The stunning rout of the Iraqi army has thrust the United States into a position of unprecedented influence in the Middle East, but the region's stubborn problems will not succumb as quickly as the Republican Guards did. The diplomatic wreckage in the Middle East of just sitting on military victory and waiting offers a sobering lesson.
In 1967, Israel launched the Six-Day War. The armed forces of Egypt, Syria and Jordan were smashed; Israel captured the West Bank and Gaza.
Flush with overwhelming military victory, Israel rejected magnanimity and waited for the Arabs to meet its terms. The phone never rang. Instead, the humiliation of the defeat inspired the Palestinian fedayeen to launch a series of vicious terrorist attacks that further embittered Arab-Israeli relations.
True, the U.N. Security Council passed Resolution 242, which formalized the principle of trading land for peace and security. But follow-up peace-making efforts by U.S. and U.N. envoys were ineffective.
In Egypt, President Anwar Sadat committed himself to avenging the 1967 military catastrophe and, in league with Syria's Hafez el Assad, attacked the Israeli-occupied Sinai peninsula and Golan Heights in October 1973. After some initial reverses, Israel took to the offensive and defeated the Syrian and Egyptian armies. But the Arab armies acquitted themselves well enough to proclaim some sort of victory.
Secretary of State Henry Kissinger, in what was soon to be a one-man diplomatic band, adroitly avoided the Palestinian question. Instead, he fabricated durable disengagement agreements between Israel and Syria on the Golan, and between Egypt and Israel in the Sinai.
But the merits of his step-by-step diplomacy were also its demerits. The focus was on the symptoms of conflict, not its deep and underlying causes. The skillful diplomatic doctor opted for conflict management.
President Carter built on the achievements of Mr. Kissinger's pragmatism to mediate the Camp David accords and to produce the peace treaty between Israel and Egypt. The treaty was, unquestionably, a major accomplishment in conflict resolution.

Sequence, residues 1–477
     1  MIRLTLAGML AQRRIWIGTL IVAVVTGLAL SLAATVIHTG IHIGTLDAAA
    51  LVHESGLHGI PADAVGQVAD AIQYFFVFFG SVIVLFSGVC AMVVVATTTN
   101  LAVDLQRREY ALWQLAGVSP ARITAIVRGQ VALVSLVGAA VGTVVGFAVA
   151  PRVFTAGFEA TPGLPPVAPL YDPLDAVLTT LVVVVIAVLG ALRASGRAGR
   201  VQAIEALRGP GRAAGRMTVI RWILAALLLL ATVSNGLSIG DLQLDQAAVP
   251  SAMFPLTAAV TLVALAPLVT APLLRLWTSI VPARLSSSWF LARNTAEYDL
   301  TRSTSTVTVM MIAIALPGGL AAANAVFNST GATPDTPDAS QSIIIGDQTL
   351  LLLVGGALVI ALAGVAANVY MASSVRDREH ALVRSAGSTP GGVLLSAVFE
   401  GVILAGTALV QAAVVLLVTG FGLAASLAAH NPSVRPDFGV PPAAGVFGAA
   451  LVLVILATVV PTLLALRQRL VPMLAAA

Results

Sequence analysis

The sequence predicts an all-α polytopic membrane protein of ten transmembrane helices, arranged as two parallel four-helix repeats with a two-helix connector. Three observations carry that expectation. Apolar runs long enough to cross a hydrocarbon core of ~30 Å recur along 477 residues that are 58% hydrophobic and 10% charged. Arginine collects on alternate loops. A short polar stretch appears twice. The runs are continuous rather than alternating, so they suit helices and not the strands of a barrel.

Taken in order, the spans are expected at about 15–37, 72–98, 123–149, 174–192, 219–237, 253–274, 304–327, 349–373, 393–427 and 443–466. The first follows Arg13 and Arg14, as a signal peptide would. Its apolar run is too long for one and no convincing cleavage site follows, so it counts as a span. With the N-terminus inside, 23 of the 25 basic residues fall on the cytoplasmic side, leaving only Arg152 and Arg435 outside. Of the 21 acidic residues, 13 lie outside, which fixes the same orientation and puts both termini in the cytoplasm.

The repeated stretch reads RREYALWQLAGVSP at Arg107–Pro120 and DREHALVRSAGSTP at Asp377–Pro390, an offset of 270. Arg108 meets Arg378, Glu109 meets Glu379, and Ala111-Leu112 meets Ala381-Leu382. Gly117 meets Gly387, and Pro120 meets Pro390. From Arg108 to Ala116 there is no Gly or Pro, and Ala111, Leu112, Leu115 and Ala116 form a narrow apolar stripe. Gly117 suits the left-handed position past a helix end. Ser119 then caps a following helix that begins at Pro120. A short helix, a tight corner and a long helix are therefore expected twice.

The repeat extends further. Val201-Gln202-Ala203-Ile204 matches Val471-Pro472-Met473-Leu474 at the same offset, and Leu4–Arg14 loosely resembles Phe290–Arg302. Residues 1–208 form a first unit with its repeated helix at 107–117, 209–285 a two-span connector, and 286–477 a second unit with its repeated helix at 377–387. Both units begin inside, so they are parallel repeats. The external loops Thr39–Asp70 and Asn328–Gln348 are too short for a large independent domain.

But Israeli Prime Minister Menachem Begin frustrated Mr. Carter's efforts to move forward in resolving the Palestine question, while Egypt was consumed by its own considerable economic problems.
By 1981, Mr. Carter had retired, and Mr. Begin confronted the happy surprise of Ronald Reagan, whose cops-and-robbers image of the Middle East worked mightily in Israel's favor.
In June 1982, Israel launched an invasion of Lebanon, which was at least tacitly approved by Secretary of State Alexander M. Haig. Early expectations that Israel would smash the Palestine Liberation Organization and then withdraw, as it had in a 1978 operation, were quickly overrun by events. Israeli forces rushed to lay siege to Beirut.
Defense Minister Ariel Sharon had designed an ambitious war plan to destroy the PLO as a political force, thereby making the Arabs of the occupied territories more susceptible to Israeli control.
But Israel made a crucial error: It stayed in Lebanon. Three years later, Israeli soldiers would be chased out of the country by a predominantly Lebanese Shiite Muslim resistance, which would, in turn, lend inspiration to the Palestinian intifada.
The United States, sensing a major strategic opportunity in Lebanon, committed its prestige and its Marines in the summer of 1982.
There is no doubt that decisive, impartial and timely U.S. action might have facilitated a far-reaching agreement. But by the time the Americans got their diplomatic act together, nearly a year after Israel marched into Lebanon, the door had slammed shut.